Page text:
How serious is the issue of homeownership amongst young people?
By Will Leyland, 09 October 2018
We’ve just come off the back of conference season for the major political parties and one thing that was apparent was a real focus on young people in the housing market.
More specifically, the focus was on how to get more young people onto the housing ladder. Affordable housing is in short supply and a number of recent studies show that if the government has any designs on tackling the issue then they’ve got a hefty job on their hands.
According to BBC research, people in their 20s who want to rent a place for themselves face having to pay out an “unaffordable” amount in two-thirds of Britain. The measure, which says that monthly rent which exceeds 30% of their income is unaffordable, showed that a huge majority are struggling.
According to the BBC’s measure, a salary of £51,200 is needed to rent a one-bed London home.
The issue is more pronounced in the South East where rents are much higher, and much less so in the North and North West of England and in Scotland where rents tend to be lower. For investors it marks an interesting trend which has seen landlords flocking to cities like Manchester, Leeds and Sheffield where the home ownership rate is low, rental yields are high and demand is increasing.
According to the Financial Times, official data from the Office for National Statistics shows that the home ownership rate for people in their 20s has fallen by 10% in less than a decade.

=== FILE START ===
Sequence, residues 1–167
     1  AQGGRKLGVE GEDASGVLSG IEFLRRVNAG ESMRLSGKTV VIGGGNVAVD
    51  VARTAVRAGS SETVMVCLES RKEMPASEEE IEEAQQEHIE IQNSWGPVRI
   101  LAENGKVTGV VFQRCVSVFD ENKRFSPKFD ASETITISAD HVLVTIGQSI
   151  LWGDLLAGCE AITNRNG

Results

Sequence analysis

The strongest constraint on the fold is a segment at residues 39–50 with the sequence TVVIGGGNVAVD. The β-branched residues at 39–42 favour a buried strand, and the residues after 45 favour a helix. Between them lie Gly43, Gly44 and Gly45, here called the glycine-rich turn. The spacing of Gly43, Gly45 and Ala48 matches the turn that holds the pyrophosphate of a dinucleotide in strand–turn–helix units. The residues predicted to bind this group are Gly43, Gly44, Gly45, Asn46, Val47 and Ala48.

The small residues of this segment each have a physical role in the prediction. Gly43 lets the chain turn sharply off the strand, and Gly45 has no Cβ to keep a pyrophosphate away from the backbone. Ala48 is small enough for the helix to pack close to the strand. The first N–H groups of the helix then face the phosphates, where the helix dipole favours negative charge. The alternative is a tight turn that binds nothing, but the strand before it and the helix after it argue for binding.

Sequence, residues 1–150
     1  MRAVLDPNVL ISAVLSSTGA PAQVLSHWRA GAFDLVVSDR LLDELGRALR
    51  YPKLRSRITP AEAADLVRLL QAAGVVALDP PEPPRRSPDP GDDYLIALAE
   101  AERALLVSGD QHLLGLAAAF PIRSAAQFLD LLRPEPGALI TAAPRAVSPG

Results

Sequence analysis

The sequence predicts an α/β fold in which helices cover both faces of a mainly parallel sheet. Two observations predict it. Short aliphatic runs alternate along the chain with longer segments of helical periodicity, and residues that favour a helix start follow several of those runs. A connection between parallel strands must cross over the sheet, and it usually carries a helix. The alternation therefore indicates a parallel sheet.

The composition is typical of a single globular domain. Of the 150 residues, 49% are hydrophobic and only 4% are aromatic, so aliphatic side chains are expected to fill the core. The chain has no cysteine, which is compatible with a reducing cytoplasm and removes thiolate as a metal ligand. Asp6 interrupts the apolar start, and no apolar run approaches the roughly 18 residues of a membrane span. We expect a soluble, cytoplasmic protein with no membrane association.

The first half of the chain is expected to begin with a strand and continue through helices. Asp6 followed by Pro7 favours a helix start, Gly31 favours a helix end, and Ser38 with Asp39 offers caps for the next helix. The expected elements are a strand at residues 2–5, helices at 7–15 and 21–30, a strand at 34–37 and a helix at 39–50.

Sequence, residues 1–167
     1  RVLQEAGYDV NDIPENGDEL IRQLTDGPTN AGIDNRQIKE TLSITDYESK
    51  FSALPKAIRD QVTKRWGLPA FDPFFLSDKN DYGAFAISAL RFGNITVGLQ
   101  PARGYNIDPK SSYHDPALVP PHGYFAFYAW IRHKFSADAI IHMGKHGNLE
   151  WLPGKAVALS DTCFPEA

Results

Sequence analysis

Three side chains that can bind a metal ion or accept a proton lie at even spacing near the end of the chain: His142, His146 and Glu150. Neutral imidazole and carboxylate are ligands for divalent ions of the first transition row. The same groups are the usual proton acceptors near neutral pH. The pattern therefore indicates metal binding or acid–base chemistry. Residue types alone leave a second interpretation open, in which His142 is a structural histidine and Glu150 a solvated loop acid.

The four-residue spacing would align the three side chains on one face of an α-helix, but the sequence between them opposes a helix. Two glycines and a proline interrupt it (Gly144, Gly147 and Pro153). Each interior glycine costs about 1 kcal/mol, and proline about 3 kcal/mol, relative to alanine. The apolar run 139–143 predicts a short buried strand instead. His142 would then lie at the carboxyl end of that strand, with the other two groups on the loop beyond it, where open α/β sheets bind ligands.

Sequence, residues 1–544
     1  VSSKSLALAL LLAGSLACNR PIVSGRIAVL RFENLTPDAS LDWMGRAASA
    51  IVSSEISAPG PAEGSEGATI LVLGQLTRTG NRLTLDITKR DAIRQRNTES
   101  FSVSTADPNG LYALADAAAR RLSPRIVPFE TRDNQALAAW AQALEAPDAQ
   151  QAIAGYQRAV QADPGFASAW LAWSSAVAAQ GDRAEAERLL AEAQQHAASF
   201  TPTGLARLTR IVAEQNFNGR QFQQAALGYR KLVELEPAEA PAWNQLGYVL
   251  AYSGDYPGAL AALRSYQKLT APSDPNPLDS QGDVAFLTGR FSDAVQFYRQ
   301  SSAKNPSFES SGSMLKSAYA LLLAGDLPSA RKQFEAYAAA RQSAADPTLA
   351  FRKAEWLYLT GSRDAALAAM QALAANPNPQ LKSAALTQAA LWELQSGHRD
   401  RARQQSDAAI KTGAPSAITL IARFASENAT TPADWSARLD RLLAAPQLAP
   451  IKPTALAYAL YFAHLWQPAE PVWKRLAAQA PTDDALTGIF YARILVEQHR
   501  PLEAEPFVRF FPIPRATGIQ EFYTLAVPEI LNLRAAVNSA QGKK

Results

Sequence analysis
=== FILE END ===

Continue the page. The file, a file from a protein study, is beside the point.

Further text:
This is a significant problem for the government which is trying everything they can to address the issue but is continually failing according to their own data.
However, it is worth asking whether this is quite as big a problem as it is made out to be. As the number of young people in the rental market continues to increase it is fair to say that the sector is taking steps to improve the rental experience and is doing everything it can to provide high quality living accommodation where it is most in demand.
When you also take into account the added flexibility on offer through renting it is no surprise that so many people are content to remain in the sector in the long term. A premium home which you can leave on short notice if you need to move for family or work is something not to be sniffed at.
From the perspective of landlords, good tenants who actively want to rent the best homes are the ideal target market as they will look after their property and can be trusted to pay bills on time.
The falling number of young people able to afford their own home is an issue – and one which all political parties are desperate to solve – but it is unclear whether it is quite as serious an issue as it is often presented. We know that many young people are already happy to continue renting in the long term and it is likely that more and more will choose similarly as the quality of homes and service in the sector continues to improve.
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